Certain attributes make virtual terminals different from other payment methods used by a business:
Keyed entry must be done by the merchant: In contrast with payment links, e-invoices and online checkouts where the payer enters their own card details, the business uses a virtual terminal on its own payment screen that the customer cannot access.
Stricter security protocols apply for the merchant: Due to keyed payments being more vulnerable to fraud, businesses are usually required to implement card industry standards (PCI-DSS compliance). This often comes with extra monthly/annual costs.
The customer has to communicate consent: Processing a keyed payment that the cardholder did not agree to is basically illegal. That’s why you need to get verbal consent over the phone, via a written form and/or in a message from the cardholder.
Chargebacks are more likely to occur: Because the customer is not completing the transaction, it is extra important for the business to record as many details as possible to prove the payer’s consent in order to avoid a chargeback (payment dispute).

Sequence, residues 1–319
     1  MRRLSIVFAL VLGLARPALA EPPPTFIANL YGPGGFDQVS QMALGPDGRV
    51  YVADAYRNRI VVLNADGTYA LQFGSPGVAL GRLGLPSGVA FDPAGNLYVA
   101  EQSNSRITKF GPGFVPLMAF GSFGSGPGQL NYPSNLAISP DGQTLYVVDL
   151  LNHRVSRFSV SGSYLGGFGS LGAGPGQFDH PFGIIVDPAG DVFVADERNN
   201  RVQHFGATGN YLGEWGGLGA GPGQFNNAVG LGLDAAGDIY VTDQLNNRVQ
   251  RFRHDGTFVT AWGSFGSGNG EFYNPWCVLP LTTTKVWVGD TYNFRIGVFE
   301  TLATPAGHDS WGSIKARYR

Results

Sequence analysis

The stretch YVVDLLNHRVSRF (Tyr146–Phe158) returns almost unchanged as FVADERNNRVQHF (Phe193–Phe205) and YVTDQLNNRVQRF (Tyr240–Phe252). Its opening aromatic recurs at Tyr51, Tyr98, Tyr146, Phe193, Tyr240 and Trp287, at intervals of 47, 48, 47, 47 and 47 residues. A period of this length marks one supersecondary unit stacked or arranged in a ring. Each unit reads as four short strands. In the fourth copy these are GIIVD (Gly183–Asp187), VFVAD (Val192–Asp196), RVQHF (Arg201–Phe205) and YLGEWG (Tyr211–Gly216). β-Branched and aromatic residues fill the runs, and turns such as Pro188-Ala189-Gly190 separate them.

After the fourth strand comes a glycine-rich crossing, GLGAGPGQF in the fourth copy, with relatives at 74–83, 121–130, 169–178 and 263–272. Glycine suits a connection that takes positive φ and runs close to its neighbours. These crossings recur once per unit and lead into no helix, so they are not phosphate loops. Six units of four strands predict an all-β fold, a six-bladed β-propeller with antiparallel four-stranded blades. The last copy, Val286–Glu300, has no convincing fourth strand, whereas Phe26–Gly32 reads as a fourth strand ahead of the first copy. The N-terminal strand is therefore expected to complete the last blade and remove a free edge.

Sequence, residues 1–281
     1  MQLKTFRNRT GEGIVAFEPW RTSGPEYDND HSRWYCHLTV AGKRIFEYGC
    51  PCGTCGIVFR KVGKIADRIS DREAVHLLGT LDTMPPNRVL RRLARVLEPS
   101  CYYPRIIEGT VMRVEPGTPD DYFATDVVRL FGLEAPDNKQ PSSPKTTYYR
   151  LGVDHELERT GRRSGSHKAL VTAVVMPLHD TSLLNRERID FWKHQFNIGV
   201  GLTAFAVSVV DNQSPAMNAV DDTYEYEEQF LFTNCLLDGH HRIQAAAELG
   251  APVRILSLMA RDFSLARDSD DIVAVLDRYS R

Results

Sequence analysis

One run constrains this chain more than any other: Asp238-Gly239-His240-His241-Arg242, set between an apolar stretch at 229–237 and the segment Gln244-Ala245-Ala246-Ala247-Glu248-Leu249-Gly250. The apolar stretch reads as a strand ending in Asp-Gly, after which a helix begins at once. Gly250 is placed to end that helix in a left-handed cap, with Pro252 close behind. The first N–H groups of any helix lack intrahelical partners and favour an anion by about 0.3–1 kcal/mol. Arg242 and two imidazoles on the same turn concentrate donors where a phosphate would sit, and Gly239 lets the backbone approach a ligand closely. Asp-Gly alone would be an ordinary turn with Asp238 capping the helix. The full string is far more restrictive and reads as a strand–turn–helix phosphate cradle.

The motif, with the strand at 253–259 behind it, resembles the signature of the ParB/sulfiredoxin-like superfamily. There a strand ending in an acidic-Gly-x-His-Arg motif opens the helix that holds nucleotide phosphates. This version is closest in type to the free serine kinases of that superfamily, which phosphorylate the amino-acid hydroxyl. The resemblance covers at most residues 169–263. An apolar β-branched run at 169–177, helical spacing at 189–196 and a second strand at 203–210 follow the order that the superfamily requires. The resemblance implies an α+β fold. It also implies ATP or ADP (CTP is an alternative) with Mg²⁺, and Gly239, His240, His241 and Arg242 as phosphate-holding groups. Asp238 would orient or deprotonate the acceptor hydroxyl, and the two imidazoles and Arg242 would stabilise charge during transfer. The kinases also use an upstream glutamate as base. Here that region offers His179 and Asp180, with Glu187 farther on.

Transaction fees are higher: Keyed card transactions are more liable to fraud, so card processors charge higher fees for them than chip and contactless payments processed electronically.
To sum up, virtual terminals involve more security rules to compensate for the lack of physical verification of a chip or contactless card. It is different from online payments by the customer (for instance, through pay-by-link or QR code), as the merchant creates and completes the transaction on their own screen.